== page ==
Teacher Talk: Debating the curriculum
19 October 2009Add to My Folder
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Kate Putt — Year 3 and 4 teacher Nine Tree Primary School
Don’t forget the facts
With a new skills-based curriculum on the way, teacher, Kate Putt, is anxious facts are not forgotten about
The new primary curriculum that is being introduced in 2011 will provide teachers with a real opportunity to design a relevant and creative new curriculum. However, there is also the danger of ending up with a curriculum that makes lots of links between skills, but lacks content and does not provide the children of tomorrow with the knowledge they need.
I am often astounded by how little knowledge children in my class have about the world around them, as well as famous people and events from the past. Requests to find Britain on a map of the world is often met with blank looks and many children have no idea if World War II happened 50 or 500 years ago (even in Year 6)!
Fascinating facts At a time when many schools are moving towards a more skills-based curriculum and putting a greater emphasis on creativity and child voice, knowledge can sometimes be seen as a taboo word, associated with more traditional or ‘old fashioned’ methods of teaching. However, it is important to remember that many children love knowledge and are often astounded and amazed by the facts that we share with them. For many children, knowledge is something they only have the opportunity to be exposed to in school and it is our job, as teachers, to ensure that we impart it.
Cross-curricular learning – let’s get it right
The other day, an otherwise respected journalist wrote that, looking ahead to 2009/ 10: ‘Primary school teachers are likely to spend next year in limbo.’* I completely disagree. Are teachers waiting for official action or a change of government before making changes and improving our work? Of course we aren’t. Sir Jim Rose’s recommendation that the curriculum should be organised into areas of learning was based on the advice we gave him. And, that advice was rooted in sound existing practice pioneered by pace setting schools, despite Year 6 SATs. Sir Jim didn’t invent cross-curricular work, he knew that there was enough of its success around to provide a solid platform for future development.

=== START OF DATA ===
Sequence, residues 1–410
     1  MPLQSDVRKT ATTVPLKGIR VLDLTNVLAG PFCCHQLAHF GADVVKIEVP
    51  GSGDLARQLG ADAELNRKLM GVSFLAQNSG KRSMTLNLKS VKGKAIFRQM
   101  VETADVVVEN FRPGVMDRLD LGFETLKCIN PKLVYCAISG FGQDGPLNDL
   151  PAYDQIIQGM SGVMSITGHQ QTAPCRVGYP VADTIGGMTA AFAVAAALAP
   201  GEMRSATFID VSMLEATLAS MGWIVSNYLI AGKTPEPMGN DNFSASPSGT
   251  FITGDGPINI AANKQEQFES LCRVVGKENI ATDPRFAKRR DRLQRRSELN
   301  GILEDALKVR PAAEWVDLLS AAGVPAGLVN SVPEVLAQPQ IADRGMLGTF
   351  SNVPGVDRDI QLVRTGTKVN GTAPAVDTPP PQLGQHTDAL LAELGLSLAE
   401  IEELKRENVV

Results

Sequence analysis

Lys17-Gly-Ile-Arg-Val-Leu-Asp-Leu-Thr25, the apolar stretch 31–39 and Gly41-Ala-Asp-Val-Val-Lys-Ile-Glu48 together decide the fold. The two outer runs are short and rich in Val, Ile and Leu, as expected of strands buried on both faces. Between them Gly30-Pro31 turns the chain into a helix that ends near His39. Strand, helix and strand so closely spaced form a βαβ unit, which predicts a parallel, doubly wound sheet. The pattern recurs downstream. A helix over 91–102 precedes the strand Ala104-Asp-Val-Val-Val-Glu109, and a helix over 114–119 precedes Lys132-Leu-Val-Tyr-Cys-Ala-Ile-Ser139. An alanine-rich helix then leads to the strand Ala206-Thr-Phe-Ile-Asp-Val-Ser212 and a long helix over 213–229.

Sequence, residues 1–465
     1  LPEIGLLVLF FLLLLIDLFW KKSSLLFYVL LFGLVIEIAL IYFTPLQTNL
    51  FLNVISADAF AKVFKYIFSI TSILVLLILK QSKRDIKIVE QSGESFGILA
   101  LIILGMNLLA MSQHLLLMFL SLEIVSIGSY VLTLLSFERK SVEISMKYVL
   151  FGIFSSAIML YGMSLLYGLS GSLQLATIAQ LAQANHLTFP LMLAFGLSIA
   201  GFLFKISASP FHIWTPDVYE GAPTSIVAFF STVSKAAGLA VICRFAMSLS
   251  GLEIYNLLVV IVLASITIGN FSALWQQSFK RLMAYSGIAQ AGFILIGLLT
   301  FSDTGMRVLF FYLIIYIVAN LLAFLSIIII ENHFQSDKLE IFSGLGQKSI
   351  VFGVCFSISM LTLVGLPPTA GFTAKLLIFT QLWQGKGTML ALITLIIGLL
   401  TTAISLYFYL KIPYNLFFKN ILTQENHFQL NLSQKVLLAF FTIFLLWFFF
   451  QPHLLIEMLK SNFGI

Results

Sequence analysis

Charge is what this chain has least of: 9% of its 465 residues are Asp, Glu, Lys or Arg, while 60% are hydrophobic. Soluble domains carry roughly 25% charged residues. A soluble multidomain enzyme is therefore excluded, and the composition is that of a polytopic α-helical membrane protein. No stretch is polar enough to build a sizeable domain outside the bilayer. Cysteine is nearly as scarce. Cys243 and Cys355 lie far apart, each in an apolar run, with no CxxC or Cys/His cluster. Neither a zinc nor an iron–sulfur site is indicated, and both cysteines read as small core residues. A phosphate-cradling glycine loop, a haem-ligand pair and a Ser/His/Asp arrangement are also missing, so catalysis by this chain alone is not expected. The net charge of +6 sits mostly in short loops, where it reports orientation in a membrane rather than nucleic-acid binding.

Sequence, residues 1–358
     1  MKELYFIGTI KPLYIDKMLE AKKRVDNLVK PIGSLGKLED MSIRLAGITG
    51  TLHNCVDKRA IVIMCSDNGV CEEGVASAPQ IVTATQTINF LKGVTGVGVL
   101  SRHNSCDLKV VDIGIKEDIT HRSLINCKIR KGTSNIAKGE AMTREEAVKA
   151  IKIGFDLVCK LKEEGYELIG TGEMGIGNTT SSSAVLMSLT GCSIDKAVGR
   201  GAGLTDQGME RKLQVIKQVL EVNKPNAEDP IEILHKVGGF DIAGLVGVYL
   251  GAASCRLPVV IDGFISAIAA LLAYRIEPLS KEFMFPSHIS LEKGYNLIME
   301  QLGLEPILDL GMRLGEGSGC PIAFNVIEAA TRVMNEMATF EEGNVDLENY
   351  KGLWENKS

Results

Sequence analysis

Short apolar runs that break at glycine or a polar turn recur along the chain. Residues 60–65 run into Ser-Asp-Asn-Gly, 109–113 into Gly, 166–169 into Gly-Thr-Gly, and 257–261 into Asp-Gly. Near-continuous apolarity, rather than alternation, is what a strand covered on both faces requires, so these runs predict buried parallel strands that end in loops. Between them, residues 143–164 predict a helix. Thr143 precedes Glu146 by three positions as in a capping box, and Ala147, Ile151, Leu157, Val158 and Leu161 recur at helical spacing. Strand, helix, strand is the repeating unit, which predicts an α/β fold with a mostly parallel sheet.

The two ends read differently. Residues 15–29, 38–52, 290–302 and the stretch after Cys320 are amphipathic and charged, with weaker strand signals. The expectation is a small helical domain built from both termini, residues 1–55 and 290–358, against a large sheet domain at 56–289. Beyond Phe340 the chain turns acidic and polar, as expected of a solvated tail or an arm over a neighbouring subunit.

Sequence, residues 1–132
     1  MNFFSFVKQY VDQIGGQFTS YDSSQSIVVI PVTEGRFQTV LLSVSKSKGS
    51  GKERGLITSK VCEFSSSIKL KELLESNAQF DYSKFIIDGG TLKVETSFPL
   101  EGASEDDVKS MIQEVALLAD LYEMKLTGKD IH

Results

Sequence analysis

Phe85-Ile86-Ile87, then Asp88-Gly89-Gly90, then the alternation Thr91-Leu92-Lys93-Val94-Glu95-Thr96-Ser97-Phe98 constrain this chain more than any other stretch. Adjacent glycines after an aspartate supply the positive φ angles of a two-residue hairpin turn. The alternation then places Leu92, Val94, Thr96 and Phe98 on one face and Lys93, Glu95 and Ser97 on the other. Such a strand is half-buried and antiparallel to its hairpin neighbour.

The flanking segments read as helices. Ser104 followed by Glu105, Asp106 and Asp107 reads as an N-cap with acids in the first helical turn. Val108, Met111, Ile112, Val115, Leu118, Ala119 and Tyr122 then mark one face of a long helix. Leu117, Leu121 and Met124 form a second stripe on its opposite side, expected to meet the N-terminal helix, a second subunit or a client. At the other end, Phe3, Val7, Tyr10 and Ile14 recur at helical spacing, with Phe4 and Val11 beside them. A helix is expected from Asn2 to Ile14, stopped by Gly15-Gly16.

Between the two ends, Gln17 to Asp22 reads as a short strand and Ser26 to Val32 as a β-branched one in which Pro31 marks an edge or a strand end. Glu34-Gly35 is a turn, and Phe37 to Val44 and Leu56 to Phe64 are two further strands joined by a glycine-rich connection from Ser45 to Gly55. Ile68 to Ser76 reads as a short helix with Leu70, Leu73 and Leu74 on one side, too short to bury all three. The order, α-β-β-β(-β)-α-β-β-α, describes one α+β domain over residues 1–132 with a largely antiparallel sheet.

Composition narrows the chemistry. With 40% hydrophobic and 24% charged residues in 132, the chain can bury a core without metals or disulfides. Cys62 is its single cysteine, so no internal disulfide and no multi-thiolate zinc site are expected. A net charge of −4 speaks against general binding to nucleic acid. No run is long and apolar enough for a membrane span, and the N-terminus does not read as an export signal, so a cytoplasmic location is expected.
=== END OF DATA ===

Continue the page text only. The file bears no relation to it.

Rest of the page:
Far from a wasted year, I forecast a steady increase in the number of schools forging ahead. Yet, this brings with it the danger of a bandwagon and the risk that some will jump aboard without being able to play the tune. It would be wise to anticipate a backlash. For a start, let’s be clear about the place of subjects. They exist – for teachers but not for children – at the point of learning. Our assessment of progress must include them since they are ingrained in the fabric of education and too many politicians cannot see beyond them. As we devise new ways of evaluating learning, so different from the current crude measures, we should seek to demonstrate progress within subjects, as well as in understanding – the essential element of performance.
‘(Subjects) exist – for teachers but not for children – at the point of learning’
Furthermore, we will need to be explicit in our records about the relationship between subjects, and our assessments must not extinguish the differences between them. Let me emphasise, however, that subjects are a matter of professional concern, but, for children they do not, and should not, shape their learning.
Perhaps I should apologise to my readers for discussing the opportunities presented by areas of learning through a consideration of assessment. But, you see, I have learned over many years that those who control assessment control the curriculum. So we must get it right.
John Coe is General Secretary of the National Association for Primary Education